Normal and pathological bowel sound patterns.
Research output: Contribution to journal › Article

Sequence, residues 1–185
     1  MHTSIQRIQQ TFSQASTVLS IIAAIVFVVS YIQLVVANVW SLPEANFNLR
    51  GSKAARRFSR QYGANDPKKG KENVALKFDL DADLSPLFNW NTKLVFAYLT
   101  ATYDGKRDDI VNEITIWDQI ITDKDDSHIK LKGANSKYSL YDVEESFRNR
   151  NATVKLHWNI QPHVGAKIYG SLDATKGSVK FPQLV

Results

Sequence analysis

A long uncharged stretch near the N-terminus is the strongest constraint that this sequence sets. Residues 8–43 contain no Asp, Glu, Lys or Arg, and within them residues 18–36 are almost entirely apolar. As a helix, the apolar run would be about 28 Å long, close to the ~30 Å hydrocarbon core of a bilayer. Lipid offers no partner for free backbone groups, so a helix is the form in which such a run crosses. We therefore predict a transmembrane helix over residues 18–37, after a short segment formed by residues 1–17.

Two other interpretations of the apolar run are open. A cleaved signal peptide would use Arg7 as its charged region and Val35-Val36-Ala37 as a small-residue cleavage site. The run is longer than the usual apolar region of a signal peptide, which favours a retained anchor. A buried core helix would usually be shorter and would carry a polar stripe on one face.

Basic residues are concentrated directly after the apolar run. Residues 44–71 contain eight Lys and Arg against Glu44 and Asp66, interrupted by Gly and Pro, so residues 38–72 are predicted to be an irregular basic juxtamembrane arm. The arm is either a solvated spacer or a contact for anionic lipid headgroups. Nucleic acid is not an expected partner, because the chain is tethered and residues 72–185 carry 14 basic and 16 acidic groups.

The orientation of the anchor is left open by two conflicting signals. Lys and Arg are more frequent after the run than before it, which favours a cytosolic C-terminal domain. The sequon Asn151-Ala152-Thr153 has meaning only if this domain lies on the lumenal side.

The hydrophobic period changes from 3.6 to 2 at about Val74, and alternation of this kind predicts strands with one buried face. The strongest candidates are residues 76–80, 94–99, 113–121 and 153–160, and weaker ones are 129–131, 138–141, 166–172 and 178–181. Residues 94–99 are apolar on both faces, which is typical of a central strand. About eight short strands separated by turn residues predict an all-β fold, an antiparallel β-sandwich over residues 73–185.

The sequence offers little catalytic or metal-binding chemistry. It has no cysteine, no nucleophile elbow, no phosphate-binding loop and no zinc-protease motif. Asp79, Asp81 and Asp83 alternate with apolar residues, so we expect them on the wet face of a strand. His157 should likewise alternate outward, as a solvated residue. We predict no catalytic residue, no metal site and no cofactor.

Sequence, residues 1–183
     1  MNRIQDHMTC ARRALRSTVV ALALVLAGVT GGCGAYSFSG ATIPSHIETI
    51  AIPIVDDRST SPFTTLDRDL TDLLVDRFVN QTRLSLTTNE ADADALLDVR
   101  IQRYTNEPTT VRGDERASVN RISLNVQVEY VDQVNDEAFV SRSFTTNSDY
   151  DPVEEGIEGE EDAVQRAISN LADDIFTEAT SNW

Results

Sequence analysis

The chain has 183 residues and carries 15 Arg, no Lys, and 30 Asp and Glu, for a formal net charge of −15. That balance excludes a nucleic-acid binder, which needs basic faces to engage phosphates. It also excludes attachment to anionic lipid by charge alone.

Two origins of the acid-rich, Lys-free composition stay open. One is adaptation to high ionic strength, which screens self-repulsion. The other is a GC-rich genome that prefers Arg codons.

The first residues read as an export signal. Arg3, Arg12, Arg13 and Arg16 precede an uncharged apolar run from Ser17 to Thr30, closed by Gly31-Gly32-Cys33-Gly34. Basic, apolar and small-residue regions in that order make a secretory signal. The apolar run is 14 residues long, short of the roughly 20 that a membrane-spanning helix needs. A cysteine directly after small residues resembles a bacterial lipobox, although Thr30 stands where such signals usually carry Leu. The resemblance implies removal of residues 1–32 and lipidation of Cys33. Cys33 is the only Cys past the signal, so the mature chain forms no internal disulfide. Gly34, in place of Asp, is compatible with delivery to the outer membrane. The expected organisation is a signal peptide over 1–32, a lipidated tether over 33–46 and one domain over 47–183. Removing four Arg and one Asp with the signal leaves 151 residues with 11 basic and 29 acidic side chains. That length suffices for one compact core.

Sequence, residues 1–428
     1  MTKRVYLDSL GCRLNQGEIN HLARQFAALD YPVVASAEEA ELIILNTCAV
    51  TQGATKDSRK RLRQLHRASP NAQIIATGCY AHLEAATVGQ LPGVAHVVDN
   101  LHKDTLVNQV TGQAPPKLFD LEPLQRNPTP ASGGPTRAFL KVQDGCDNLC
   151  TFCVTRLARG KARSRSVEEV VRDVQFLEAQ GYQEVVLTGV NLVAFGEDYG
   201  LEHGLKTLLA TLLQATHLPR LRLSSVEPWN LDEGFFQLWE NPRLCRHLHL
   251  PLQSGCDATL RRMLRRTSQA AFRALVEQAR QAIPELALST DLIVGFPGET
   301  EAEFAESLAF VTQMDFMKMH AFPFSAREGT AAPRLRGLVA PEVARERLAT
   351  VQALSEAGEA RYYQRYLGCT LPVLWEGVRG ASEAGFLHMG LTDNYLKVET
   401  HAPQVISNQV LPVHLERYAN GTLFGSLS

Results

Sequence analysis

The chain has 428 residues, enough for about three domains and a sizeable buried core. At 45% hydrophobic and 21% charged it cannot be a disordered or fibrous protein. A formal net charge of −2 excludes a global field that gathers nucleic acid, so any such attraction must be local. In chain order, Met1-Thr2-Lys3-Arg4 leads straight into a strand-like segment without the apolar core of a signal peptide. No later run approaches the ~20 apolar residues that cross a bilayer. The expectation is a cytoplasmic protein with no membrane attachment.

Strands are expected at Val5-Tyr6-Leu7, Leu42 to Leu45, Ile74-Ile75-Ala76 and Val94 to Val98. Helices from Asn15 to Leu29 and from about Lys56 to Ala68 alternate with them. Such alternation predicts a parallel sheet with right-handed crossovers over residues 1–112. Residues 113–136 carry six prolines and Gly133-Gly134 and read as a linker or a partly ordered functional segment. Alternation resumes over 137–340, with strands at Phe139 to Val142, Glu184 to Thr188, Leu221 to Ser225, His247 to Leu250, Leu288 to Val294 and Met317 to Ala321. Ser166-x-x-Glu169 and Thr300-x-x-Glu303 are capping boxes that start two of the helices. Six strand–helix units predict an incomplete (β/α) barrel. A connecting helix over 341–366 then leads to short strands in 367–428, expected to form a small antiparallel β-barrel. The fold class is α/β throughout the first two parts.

The purpose of this study was to determine the usefulness of auscultation of bowel sounds in evaluating patients with total and subtotal small intestinal obstruction and immediately after operation. The study was based on ten healthy volunteers, seven patients with documented mechanical obstruction, one patient with chronic subtotal mechanical obstruction and twelve patients undergoing an emergency laparotomy. Bowel sounds varied markedly in all individuals studied. The most striking finding in mechanical obstruction was the regular occurrence of clustered bowel sounds. These were defined as 3-10 regular sounds, occurring one every five seconds, preceded and followed by at least one minute of silence. The associated periods of quiescent motor activity may account for the unexpectedly reduced frequency and motility index after a meal in obstructed patients compared with normal subjects. The different bowel sound patterns occurred in the patient with subtotal mechanical obstruction before and after a meal respectively i.e. infrequent and low-amplitude bowel sounds and clustered bowel sounds. The technique is probably not more sensitive than radiological procedures, and the abnormalities that are detected by an auscultation of bowel sounds are not specific.